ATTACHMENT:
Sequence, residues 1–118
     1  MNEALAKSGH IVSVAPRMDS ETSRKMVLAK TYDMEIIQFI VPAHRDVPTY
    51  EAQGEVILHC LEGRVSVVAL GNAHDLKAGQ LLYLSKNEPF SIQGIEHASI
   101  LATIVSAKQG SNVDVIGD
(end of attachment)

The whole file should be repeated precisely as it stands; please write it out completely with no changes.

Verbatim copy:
Sequence, residues 1–118
     1  MNEALAKSGH IVSVAPRMDS ETSRKMVLAK TYDMEIIQFI VPAHRDVPTY
    51  EAQGEVILHC LEGRVSVVAL GNAHDLKAGQ LLYLSKNEPF SIQGIEHASI
   101  LATIVSAKQG SNVDVIGD